Multilateral institutions are precarious ventures. Very often, they outlive the purposes for which they are created and history leaves them behind. The Non-Aligned Movement aimed to evade superpower rivalries. The end of the Cold War robbed it of its raison d’etre. There are other examples.
Today, the Commonwealth faces a similar risk. At its heads of government meeting, that concluded in Perth, Australia, on Sunday, it narrowly averted a controversy that would have led to disunity, if not fission, in the group. Under a series of reforms being deliberated to reinvigorate the group, one idea was to appoint a human rights commissioner for the Commonwealth. The proposal—shelved for now—was strongly opposed by, among others, Sri Lanka.
Human rights violations are a blot on any civilized country. In most countries, there are agencies that specifically address these questions. Their efficacy varies due to different reasons. In India, to give one example, a proactive human rights commission, coupled with a very strong civil society, has ensured that abuses are not rampant. There are variations in other countries, depending on their historical circumstances.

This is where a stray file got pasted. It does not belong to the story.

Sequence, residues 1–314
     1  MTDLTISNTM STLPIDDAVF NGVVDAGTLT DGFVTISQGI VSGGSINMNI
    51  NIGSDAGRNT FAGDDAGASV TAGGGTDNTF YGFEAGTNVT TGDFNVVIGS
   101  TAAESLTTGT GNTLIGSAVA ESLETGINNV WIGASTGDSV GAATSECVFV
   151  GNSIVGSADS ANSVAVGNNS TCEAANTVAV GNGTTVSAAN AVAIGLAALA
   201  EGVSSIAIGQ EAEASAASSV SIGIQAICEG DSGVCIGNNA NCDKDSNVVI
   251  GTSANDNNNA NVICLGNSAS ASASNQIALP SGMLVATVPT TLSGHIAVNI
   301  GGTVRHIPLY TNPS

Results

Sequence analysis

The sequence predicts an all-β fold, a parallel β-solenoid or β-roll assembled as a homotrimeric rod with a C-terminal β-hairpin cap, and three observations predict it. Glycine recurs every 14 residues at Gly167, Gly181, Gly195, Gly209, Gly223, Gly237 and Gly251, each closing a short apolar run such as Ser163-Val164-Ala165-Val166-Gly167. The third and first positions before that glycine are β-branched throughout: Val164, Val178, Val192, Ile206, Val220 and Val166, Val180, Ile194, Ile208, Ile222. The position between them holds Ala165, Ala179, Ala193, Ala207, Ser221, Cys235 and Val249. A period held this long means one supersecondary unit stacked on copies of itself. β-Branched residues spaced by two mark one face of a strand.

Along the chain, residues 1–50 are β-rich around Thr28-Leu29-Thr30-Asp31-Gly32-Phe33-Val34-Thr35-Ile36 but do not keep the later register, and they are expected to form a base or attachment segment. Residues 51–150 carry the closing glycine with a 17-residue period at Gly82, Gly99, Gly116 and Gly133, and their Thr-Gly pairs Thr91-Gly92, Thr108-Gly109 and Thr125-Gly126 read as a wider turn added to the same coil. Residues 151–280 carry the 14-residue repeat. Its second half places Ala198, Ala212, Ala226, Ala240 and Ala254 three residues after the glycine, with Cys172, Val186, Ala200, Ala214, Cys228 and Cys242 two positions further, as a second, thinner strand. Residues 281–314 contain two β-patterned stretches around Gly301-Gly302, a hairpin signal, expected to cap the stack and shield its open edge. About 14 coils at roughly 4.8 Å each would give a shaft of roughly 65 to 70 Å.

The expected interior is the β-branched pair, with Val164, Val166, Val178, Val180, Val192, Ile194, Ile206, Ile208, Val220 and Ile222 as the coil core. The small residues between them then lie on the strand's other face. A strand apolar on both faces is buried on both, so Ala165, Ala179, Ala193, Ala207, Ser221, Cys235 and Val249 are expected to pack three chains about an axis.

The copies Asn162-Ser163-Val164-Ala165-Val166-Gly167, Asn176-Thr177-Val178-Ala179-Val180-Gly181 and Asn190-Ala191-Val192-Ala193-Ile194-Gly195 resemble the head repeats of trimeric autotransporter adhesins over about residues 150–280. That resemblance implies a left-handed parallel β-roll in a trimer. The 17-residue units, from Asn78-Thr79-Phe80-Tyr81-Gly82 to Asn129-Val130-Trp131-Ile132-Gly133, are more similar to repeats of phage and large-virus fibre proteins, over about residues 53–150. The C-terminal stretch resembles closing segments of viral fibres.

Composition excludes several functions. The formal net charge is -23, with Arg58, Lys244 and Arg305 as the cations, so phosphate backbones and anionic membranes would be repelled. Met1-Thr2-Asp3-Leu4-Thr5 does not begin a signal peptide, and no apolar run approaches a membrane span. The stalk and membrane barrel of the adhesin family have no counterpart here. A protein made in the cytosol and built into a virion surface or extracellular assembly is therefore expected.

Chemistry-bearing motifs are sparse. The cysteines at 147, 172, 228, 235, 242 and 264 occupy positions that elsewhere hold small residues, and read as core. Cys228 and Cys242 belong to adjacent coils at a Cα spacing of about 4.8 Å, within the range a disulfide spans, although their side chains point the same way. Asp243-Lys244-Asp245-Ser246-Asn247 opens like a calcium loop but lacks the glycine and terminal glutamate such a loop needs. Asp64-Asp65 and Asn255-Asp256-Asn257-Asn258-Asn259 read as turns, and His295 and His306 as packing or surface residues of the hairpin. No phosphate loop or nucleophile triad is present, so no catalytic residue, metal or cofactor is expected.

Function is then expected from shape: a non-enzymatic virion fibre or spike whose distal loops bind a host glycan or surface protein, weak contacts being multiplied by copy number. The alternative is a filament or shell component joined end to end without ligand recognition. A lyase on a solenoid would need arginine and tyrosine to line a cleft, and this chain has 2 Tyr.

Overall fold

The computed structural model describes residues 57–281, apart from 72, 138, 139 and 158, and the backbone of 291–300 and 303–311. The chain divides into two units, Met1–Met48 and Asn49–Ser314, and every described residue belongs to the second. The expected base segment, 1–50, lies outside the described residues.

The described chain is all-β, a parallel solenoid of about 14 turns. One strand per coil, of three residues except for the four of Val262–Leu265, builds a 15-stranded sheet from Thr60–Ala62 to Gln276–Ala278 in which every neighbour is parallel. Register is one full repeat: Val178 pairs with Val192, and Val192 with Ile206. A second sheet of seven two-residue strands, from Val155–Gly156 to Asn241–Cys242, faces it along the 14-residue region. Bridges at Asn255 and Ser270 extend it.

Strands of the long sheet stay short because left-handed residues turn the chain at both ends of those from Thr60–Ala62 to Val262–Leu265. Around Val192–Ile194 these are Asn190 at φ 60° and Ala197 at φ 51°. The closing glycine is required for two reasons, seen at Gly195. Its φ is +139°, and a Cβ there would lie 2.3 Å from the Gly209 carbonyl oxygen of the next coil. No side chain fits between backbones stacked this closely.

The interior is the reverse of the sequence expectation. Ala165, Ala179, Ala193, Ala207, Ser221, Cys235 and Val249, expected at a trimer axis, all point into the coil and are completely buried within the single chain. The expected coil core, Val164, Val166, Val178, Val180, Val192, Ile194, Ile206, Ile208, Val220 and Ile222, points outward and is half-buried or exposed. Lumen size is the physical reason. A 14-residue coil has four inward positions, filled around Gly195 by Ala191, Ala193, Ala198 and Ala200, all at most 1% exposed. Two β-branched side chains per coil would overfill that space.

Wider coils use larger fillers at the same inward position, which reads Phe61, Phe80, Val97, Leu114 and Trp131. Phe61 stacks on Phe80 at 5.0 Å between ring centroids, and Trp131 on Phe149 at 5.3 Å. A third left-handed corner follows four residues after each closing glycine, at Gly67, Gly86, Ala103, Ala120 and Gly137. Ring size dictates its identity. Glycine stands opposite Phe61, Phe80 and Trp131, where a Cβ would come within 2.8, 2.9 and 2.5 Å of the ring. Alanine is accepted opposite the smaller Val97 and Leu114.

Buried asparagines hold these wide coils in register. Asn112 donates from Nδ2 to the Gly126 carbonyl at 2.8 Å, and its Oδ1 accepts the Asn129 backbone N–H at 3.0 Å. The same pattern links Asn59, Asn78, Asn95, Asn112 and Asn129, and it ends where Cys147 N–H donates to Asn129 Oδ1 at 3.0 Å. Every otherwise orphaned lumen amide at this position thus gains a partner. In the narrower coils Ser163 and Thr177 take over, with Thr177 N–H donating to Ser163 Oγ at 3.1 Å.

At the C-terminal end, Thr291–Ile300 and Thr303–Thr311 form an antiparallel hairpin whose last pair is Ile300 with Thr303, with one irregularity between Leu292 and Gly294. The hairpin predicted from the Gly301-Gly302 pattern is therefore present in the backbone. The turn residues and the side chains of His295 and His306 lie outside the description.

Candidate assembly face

The appointment of a human rights commissioner is linked to the purpose and aim of his appointment. If the goal is to eliminate abuses, then probably it is too ambitious a goal. For however wide the ambit of such a person may be, he will remain external to the rights situation in a particular country. His ability to change the course of events is likely to be limited at best, and for all practical purposes, non-existent.
The Commonwealth probably realizes that. And the goal of a commissioner is more likely to be geared towards persuading member states to behave and also report to the grouping on the human rights situation in Commonwealth countries. It is here that matters get tricky. How is one to distinguish between mere persuasion and active attempts at arm-twisting? Take the Sir Lankan case. The country has just been through a vicious civil war that lasted 24 years. In such situations, abuses on both sides are frequent. The Lankan case is complicated by the fact that it was not an ordinary civil war for gaining power in the country, but a secessionist war waged to create a separate state. Any country is bound to resist that. Appointing a commissioner, who will have a mandate to needle countries when they encounter secessionist situations is bound to rankle.
Human rights issues ought not to be dismissed. But if the Commonwealth is serious about addressing them, then a more effective mechanism needs to be devised. That will require persuasion of another kind, one that a group-wide rights czar cannot muster.
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